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The high market volatility associated with the steep market losses in recent years is still fresh and deeply imbedded in the psyches of today's investors, and many are betting on VIX futures and related exchange traded funds to hedge against the risk. However, the markets are moving away from the extreme swings.

While nothing is certain and we will experience some bouts of volatility, Ryan Detrick, Senior Technical Strategist at Schaeffer's Investment Research, argues that we won't have a repeat of last year's swings, but as record open interest in CBOE Volatility Index futures suggests, people are still betting on high volatility, reports Matt Nesto for Breakout.

"There will be pullbacks and lots of scary headlines, but by no means do we expect a major sell-off," Detrick said. "The bottom line is everyone has it wrong because there's just so much fear out there."

Detrick noted that the long-term, historical trends in the VIX point to diminishing volatility.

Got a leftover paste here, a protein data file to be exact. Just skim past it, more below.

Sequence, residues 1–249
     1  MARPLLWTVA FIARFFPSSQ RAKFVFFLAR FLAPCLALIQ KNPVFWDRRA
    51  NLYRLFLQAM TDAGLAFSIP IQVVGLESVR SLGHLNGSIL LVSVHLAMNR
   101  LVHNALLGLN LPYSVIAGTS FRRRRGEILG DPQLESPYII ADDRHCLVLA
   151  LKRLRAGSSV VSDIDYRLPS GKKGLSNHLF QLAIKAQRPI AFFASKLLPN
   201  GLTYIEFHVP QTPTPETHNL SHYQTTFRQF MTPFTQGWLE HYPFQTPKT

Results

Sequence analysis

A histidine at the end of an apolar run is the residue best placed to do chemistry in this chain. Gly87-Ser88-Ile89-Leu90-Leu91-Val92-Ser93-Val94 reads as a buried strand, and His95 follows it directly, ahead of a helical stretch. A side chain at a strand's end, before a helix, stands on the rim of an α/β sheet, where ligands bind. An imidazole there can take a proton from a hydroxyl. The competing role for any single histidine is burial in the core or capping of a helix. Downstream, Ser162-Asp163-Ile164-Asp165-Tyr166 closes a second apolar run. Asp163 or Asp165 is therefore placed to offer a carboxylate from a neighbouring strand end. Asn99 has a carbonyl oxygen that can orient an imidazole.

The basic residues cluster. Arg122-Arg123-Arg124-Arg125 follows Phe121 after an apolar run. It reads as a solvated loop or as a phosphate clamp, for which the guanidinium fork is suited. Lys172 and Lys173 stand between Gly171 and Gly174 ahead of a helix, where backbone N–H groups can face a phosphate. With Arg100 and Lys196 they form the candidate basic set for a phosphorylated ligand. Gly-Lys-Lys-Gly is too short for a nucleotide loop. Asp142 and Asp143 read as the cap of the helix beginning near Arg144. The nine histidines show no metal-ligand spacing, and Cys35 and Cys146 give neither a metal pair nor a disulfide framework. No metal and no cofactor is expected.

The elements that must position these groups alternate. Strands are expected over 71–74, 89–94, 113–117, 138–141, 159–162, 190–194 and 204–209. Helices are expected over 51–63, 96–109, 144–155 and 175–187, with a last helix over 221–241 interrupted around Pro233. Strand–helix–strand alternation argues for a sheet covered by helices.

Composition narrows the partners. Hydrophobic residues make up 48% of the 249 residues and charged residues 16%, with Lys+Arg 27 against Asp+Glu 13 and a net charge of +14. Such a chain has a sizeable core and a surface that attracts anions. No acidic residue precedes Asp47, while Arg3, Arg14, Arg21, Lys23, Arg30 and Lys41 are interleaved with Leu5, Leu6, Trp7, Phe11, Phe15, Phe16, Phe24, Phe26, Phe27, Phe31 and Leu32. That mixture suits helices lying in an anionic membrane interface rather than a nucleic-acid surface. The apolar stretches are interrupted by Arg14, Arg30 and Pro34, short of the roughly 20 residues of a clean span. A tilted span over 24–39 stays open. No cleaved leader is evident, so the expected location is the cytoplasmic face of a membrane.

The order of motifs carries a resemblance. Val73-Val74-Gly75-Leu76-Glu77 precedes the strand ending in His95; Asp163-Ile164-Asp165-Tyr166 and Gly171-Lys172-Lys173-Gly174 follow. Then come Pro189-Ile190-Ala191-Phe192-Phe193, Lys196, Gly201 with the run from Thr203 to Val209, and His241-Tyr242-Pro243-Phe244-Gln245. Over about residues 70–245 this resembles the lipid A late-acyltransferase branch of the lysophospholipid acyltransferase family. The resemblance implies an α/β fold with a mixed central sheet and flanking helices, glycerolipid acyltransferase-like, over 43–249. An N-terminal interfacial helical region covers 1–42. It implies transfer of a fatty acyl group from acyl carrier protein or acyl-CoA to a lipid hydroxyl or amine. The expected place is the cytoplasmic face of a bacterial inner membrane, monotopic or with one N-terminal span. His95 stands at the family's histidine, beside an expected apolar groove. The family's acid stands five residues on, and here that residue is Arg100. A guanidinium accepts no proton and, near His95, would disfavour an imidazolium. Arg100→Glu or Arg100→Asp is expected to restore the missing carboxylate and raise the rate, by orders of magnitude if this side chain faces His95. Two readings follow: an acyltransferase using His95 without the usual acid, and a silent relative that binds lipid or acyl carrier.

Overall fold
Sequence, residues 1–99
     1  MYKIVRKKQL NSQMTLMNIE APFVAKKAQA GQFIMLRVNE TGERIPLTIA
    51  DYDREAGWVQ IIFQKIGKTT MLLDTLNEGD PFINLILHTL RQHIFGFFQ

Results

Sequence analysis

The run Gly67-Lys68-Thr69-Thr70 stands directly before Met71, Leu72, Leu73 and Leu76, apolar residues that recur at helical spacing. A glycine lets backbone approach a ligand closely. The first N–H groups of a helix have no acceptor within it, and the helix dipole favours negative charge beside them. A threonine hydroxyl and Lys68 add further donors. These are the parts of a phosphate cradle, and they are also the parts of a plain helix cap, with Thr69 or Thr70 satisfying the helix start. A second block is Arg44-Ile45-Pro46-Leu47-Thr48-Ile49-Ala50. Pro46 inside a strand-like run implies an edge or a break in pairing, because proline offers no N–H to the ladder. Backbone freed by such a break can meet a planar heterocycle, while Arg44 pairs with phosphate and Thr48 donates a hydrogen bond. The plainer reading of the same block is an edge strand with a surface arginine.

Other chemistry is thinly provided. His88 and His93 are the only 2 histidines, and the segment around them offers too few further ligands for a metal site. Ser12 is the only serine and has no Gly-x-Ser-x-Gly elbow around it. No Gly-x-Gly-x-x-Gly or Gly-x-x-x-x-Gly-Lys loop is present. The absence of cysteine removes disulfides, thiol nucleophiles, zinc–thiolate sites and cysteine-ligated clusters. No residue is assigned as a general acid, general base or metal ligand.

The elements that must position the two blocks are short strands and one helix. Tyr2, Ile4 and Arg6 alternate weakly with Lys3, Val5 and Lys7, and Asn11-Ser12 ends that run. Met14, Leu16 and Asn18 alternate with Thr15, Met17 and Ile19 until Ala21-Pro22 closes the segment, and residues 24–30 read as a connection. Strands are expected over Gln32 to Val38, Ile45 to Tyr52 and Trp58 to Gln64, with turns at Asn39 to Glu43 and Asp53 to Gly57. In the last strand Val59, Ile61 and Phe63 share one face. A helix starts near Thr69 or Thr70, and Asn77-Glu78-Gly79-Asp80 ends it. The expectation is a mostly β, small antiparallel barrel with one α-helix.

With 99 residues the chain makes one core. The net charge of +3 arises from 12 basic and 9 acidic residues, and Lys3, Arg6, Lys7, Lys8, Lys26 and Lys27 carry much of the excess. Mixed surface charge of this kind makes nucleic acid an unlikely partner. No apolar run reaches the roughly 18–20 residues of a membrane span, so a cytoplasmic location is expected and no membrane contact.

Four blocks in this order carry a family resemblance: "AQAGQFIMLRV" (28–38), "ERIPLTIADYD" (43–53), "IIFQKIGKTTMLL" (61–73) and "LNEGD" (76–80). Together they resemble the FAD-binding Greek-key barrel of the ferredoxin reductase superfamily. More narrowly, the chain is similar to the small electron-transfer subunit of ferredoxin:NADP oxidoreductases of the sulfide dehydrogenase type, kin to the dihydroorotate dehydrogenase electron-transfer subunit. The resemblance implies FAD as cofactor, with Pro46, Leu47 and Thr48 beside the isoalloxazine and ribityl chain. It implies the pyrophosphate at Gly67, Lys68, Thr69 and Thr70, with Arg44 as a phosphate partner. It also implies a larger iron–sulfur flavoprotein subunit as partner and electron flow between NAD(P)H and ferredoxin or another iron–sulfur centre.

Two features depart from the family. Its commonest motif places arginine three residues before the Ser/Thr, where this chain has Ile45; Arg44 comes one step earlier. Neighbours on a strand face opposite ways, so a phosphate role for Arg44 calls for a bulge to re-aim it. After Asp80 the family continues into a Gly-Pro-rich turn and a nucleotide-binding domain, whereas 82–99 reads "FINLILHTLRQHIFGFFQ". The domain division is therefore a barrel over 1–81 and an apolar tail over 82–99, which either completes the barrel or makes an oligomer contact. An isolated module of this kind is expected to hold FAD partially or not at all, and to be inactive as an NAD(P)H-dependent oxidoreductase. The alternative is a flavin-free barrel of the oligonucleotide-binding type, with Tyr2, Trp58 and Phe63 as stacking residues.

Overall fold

"[Historical volatility] is down 80% since the financial crisis [in 2008] and down 50% since last summer," Detrick added. "We think the crowd could definitely have it wrong and volatility could slowly continue to trickle lower."

While the recent Eurozone drama helped send the VIX higher as stocks dropped, this is only a short-term move.

"We think [the VIX] can continue to work lower and into the low teens," Detrick said.

Investors who are interested in making a short-term hedge against market volatility can take a look at VIX-related funds, like the ProShares VIX Short-Term Futures ETF (NYSEARCA:VIXY) and the ProShares VIX Mid-Term Futures ETF (NYSEARCA:VIXM).

Max Chen contributed to this article.

Source: Don't Get Overzealous With Your VIX ETF Exposure